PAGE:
- If you suffer from chronic pain, it’s a good idea to consult your physician to make sure there aren’t any deeper issues at play here. For every day aches and pains, set up your sleep environment so that you’re comfortable. You may need a firmer mattress or a softer one. You may just need a new mattress if your current one is getting on in years. The same can be said for your pillows. Your sleep alignment may be aggravating the situation. If you’re a side or belly sleeper, see if sleeping on your back is even an option. If that is simply not happening, invest in a body pillow or a pregnancy pillow. The pillow relieves pressure points and help you to maintain spinal alignment during sleep. Studies also show that hugging them can even calm you down and help you sleep better. Lastly, I’m not a huge advocate for relying on NSAIDs (aspirin and ibuprofen) as a constant source for pain relief due to the long term effects of using them have on the body. I use a topical CBD oil instead. The brand I prefer uses plant-based, natural, and organic ingredients in their formulas and the farm is located in Upstate New York. The natural ingredients make CBD oil a safer, less invasive alternative to NSAIDs. While I may be slightly biased in that the company was founded and is run by one of my dearest friends, Brittany Carbone, I wouldn’t recommend or mention the product if it didn’t work. I do not leave home without this little roll-on. I keep one bottle on my nightstand and another in my bag. I use it for muscle aches, headaches, and even menstrual cramps. If you use the coupon code yogijedi at checkout, you’ll receive 10% off of your order and if you have any questions or concerns about the products you see on their website, you can message them and an actual person will respond to your questions.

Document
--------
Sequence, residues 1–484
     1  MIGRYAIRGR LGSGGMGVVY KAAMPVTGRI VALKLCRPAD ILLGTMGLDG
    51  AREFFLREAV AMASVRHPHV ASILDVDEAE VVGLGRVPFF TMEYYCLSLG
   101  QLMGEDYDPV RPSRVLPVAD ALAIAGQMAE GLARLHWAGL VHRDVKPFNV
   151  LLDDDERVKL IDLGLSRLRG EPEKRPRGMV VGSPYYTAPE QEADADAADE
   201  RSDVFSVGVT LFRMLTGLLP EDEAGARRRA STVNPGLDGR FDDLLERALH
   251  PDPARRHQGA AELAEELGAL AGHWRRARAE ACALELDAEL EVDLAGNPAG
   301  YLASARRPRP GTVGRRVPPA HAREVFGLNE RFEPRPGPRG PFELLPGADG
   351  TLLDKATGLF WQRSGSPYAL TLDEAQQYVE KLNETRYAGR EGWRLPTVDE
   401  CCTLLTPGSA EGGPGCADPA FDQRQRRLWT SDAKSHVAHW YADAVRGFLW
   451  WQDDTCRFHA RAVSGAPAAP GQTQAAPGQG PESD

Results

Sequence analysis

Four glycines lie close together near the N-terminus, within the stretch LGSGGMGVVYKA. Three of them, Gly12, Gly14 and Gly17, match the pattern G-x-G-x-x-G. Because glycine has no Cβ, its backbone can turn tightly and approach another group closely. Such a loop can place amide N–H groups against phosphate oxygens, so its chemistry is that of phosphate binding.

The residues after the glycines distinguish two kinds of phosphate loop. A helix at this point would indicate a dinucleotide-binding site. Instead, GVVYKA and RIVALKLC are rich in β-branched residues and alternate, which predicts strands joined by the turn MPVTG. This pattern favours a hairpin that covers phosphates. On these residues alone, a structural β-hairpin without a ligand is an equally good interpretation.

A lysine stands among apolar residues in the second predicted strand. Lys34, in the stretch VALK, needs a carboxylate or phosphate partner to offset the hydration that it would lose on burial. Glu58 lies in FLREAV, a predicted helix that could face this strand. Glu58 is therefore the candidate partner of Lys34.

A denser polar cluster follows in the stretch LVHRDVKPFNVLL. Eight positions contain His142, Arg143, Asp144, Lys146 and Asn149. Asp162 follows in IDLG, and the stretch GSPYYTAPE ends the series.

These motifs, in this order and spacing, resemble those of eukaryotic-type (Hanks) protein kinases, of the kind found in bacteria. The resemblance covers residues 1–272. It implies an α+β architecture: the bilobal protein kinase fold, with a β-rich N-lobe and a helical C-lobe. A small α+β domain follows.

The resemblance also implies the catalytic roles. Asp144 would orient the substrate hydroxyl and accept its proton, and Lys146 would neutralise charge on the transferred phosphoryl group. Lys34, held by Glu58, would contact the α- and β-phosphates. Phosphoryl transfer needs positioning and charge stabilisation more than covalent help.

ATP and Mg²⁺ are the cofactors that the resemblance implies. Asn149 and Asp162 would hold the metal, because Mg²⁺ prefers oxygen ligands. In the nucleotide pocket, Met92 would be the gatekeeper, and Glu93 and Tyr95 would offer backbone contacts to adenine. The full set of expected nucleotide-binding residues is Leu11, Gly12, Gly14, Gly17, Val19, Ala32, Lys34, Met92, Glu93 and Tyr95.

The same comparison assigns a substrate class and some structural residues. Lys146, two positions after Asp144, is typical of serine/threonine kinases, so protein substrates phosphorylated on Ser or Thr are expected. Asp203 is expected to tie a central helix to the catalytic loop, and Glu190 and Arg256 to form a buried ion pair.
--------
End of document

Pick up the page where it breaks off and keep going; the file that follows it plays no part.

- The quickest way to overcome jetlag is to basically trick your body into thinking it’s in the correct time zone. It can be a rough go initially, but it’ll jump start your adjustment period as opposed to taking your body several day to adjust. If you’re on vacation, several days can mean your entire vacation before having to return home gain (and having to start the adjustment period all over again). Whenever my family and I fly to Europe, we try our best to get the overnight flight so that we’re landing in our new city at the start of that city’s day. Sleep on the plane, which may be easier said than done, but set yourself up for success. Bring a travel pillow, ear plugs, and an eye mask. It’s important that you sleep on the flight because this is the time frame that your body would normally be sleeping anyway. When you land, it’ll be morning at your destination. Don’t go to your hotel to sleep. You can check in and drop your stuff off, but do not sleep no matter how exhausted you are. Force yourself to do a light itinerary to keep yourself moving. I’m not saying that this is the day you tackle Stonehedge on your visit to London, but maybe a museum or a walk to get the lay of the land. Something not too structured. You’ll probably go to sleep earlier than usual that night, but you’ll at least be going to sleep at night, which is vital for your body’s internal clock.